While fighting for survival in The Hunger Games by being constantly helped by the other contestants and out-of-game sponsors, she keeps up her me-against-everyone underdog vibe in the narration. To make matters worse, she still keeps thinking of her love life, the confusion she feels about the affection of two boys on her mind frequently in between the constant threat of death and hunger.
She’s not as bad as Bella in terms of being able to somewhat fend for herself, but with both these characters, everything is given to them without them being mature enough to realize this. And the narrative overlooks this.
Being a big fan of authors like Robin Hobb and George R.R. Martin, it just has me hoping for that moment where the narrative becomes three-dimensional by having other characters points how nearsighted the main characters have been in their dealings with them in the past. That moment where they realized how much better they had it in the past when they felt like they didn’t have anything at all.
Sadly, those moments never come. I’m hoping for these books to actually be responsible for themselves and the ideas they put in the heads of the kids who read them. Instead they’re just crude justifications for the worse behaviour of the target audience in a hope of hitting that “you just don’t understand” spot. And that they must be doing succesfully. Considering their success.
Speaking of Robin Hobb…
Let’s talk about Althea Vestrit from the Liveship Traders. She is a great example of a strong and independant female character done right. In fact, most of the female characters in Robin Hobb’s books tend to be strong in their own way. For now, Althea’s a good contrast to Katniss so I want to focus on her.
After Althea’s father dies and she’s all but sure to have control of the family’s trading ship, a Liveship that requires someone of the family’s blood to be on board. Her brother-in-law makes a powerful move, taking control of the family and have Althea cut off from the ship in favor of his own son to meet the ship’s requirement of having someone of the right blood on board. All with the excuse of Althea not having what it takes to captain a ship, but with the true intent to keep tradition and enforce the gender roles that doesn’t allow his ego to suffer being in an inferior position to a woman. Althea runs away from home, working on other ships pretending to be a male to prove to her brother-in-law that she has what it takes to not only work on board of a ship, but to rightfully work her way up back to captainship.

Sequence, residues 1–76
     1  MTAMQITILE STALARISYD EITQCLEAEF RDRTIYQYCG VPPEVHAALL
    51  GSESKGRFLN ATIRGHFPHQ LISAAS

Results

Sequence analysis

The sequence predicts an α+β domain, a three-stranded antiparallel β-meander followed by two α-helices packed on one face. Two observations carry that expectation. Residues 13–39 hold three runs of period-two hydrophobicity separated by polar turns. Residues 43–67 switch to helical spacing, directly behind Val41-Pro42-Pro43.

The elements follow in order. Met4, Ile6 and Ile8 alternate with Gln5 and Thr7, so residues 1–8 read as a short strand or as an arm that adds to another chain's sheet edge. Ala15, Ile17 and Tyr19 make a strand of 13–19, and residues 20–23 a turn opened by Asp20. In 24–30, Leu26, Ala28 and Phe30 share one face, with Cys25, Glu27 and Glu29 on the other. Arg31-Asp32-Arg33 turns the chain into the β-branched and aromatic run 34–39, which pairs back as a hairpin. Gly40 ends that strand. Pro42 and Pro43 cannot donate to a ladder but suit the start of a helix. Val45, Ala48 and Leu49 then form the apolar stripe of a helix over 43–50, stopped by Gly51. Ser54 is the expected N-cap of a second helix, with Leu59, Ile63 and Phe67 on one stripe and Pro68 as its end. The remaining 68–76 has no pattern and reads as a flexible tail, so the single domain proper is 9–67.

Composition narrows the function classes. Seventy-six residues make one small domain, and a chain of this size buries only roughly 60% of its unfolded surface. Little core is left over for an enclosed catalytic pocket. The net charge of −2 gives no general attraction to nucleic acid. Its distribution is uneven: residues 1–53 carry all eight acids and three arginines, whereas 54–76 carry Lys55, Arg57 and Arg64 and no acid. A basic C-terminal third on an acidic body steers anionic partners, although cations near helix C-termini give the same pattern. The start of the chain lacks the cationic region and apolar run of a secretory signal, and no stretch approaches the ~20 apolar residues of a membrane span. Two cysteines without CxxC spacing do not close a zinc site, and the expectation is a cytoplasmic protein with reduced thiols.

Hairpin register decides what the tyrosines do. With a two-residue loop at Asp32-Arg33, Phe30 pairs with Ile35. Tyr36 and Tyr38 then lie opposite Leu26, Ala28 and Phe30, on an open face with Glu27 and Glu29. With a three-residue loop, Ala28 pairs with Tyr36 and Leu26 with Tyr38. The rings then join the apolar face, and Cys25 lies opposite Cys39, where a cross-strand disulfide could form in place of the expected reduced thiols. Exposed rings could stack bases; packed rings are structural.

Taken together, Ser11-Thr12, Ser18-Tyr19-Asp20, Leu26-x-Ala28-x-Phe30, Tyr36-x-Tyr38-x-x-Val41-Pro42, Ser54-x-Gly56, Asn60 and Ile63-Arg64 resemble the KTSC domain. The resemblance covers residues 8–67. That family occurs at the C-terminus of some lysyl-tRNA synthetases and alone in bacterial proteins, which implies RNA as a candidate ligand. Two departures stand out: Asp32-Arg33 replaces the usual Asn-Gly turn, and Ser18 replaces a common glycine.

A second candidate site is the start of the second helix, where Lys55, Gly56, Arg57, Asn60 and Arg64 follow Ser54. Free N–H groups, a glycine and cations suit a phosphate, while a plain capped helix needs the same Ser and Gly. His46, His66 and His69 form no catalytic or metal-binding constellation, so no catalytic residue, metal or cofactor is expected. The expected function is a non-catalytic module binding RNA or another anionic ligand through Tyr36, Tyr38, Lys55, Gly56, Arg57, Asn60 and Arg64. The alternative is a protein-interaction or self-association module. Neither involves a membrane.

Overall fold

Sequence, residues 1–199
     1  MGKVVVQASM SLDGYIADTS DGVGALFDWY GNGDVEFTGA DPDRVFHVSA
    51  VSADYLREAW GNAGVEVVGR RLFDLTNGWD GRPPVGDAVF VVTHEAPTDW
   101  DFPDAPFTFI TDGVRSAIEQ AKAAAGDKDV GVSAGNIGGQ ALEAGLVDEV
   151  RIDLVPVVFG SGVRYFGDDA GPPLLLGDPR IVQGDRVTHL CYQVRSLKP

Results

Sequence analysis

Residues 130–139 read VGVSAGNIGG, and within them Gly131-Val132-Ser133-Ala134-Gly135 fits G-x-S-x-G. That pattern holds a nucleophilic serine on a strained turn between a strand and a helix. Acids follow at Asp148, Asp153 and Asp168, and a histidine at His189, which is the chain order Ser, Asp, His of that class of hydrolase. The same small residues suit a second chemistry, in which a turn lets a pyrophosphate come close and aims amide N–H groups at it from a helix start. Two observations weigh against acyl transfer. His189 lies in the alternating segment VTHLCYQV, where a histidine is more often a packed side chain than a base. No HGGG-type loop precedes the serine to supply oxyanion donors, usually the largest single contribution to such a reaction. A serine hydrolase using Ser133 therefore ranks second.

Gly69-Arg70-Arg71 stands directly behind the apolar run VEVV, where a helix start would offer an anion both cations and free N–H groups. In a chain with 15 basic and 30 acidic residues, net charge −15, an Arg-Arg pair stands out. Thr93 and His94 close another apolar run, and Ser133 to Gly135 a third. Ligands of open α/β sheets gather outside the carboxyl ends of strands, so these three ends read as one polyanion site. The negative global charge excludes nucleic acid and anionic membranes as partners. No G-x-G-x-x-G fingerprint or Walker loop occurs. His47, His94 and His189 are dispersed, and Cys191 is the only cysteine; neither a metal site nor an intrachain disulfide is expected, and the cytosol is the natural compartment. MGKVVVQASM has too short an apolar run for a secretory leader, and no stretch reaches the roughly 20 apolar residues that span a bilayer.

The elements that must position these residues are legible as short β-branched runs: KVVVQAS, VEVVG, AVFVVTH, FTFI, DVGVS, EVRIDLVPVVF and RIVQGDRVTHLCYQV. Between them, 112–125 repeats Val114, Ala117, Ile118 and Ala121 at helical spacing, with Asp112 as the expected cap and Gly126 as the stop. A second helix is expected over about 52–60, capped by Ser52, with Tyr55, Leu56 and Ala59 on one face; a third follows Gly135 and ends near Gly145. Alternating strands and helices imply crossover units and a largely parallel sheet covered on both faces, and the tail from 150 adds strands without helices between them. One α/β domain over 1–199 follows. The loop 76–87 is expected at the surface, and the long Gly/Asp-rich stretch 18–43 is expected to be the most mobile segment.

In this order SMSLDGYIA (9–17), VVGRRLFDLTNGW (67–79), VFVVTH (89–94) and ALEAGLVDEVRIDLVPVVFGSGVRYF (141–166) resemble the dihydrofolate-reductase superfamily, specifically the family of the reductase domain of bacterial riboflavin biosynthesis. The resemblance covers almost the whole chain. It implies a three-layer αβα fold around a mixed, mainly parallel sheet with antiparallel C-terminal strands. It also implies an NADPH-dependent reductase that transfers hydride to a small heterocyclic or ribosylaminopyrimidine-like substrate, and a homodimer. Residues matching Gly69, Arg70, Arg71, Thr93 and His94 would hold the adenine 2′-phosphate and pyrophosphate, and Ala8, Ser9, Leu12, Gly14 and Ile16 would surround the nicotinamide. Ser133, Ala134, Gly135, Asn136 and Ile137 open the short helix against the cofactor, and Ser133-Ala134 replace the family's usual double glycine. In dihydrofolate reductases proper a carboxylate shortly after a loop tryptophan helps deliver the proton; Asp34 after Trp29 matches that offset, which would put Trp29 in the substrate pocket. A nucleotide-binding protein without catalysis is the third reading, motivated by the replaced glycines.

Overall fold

She’s not confident and strong because the plot demands it. She steers the plot in the direction she wants it to take. During the course of the trilogy, she makes her own choices, her own mistakes, and she pays and is rewarded in the way every character, male or female, is in Robin Hobb’s work. In case you’re not familiar with Robin Hobb, she’s a brutal writer who excels in character driven trilogies where nobody comes off easy.
Besides Althea, there’s Malta, her sister’s daughter, who is a selfish, and manipulative brat whose main angle is to be with boys in order to create a sense of higher status towards her peers. To all the other characters in the series this seems completely inappropriate and wrong, especially since she’s still too young to fully understand the responsibility of being married to someone for the rest of her life. Her choices and the way she deals with the people in her life seems almost painfully similar to Twilight’s Bella. Except Malta’s actions often cause more complications for everyone around her, and they rarely have a good outcome.
Chuck Wendig’s Miriam Black’s another great example of female characters who actually is all the things popular Young Adult fiction writers like to claim their female leading characters are. Cursed with the ability to see how the people she touches die, she tries to find a place for herself in a world that’s already messed up enough by itself. She might be even less of a lady than even Althea Vestrit, but not every female character has to be girly.
In fact, if we can stop identifying female characters simply by attaching them to the men in their life and actually give them some personality, that would be a gigantic improvement. Miriam’s all about personality. In fact, most characters she meets would probably point out she’s got too much personality sooner or later.